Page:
CAMPAIGNERS have stepped up their fight against plans to build a gas-powered power station in the countryside.

Nearly 400 objections have been lodged against the scheme, which would be built on land next to Locks Farm, in Botley Road, Bishop's Waltham, if approved.

However, the planning permission being sought for the standby facility would only be in place for the next 25 years.

Bishop's Waltham Parish Council is among those objecting. A spokesman wrote to planners, saying: "The application does not meet the criteria for a development in the countryside and would cause harm to the character and landscape of the area.

"The proposal would likely result in unacceptable pollution, resulting in adverse health or quality of life impacts.

"The [parish council planning] committee also registered its disappointment in the lack of full public consultation."

Hampshire and Isle of Wight Wildlife Trust (HIOWTT) also objected over concern it would have "adverse effects on nearby ancient woodland and The Moors SSSI (site of special scientific interest)".

A Facebook group has also been set up to fight the plans, with more than 300 people backing it.

However, environmental consultants Enzygo, on behalf of applicant NGFP Ltd, say the proposed facility will "contribute to providing a key source of flexibility to help address some of the challenges associated with the transition to a low-carbon electricity sector".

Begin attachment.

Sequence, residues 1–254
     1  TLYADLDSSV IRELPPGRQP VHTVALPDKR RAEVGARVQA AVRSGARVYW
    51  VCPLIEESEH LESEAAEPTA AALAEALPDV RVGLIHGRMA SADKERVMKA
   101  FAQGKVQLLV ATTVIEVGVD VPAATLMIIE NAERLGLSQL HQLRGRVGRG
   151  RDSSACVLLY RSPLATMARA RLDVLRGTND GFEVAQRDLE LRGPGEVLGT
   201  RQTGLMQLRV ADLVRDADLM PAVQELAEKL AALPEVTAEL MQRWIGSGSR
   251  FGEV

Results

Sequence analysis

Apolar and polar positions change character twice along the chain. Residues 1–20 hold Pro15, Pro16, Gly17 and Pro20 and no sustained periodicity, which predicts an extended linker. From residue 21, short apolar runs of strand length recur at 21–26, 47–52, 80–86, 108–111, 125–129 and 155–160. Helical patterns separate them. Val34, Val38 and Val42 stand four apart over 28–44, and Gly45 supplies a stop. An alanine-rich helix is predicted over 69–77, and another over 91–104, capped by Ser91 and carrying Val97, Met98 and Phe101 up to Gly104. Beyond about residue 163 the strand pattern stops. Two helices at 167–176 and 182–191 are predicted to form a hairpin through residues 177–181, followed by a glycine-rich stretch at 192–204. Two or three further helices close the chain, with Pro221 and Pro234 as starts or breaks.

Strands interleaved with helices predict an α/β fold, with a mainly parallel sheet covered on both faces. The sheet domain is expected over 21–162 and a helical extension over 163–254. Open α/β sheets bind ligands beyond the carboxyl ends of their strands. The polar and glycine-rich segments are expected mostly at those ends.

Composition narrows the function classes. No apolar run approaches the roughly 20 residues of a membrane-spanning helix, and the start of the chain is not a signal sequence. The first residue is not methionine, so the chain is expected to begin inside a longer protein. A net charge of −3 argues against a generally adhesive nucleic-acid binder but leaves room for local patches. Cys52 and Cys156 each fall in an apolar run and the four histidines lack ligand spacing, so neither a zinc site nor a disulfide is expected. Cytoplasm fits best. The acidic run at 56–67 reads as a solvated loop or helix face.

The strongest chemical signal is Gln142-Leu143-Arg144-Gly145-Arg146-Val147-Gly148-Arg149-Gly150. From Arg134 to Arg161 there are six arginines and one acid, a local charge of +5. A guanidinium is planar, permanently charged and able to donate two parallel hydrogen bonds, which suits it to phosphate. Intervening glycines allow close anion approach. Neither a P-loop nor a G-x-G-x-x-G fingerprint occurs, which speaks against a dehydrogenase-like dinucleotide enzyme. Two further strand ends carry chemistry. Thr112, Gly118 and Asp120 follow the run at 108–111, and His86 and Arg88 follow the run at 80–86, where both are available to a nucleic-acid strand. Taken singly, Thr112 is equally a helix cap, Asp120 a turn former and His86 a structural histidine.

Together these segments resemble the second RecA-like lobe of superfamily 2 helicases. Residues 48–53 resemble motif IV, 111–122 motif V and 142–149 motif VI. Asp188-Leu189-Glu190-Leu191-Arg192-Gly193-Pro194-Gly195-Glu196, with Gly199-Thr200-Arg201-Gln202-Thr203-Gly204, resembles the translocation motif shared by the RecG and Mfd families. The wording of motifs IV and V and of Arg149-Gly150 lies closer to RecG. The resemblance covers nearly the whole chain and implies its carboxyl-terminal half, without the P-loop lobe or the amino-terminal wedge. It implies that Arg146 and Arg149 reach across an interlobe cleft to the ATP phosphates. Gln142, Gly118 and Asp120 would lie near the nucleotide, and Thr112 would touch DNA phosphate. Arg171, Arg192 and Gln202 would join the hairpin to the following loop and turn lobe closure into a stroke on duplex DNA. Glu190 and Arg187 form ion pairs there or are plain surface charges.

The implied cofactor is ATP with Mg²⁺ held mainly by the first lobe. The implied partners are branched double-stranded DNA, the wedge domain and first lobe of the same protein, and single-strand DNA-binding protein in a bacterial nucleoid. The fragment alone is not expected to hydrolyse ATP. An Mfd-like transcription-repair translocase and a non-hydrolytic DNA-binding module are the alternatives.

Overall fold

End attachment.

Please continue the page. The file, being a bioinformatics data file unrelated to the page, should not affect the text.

They added: "The facility will respond to calls from National Grid when energy demand outstrips supply.

"By being able to generate energy immediately and for a short length of time, the development will help the energy sector cope with the peaks in demand for energy they face on a daily basis."

The application has so far received two letters of support from Bishop's Waltham residents.

Leslie Youles, of Tangier Lane, said: "It appears to offer a much needed amenity with minimal negative impact on the surrounding area.

"I hope to be moving to a new housing development relatively close to the proposed facility, so will be one of the nearest neighbours, and can see no reason why it should be refused."

John Hayter, of Bank Street, added: "Climate change is the greatest threat and the logical conclusion... is that every settlement will have to include significant alternative energy generation that this proposal will deliver.

"Coppice Hill residents are concerned about noise and emissions but these are negligible compared to already existing from the adjacent highway."

A decision is expected later this summer.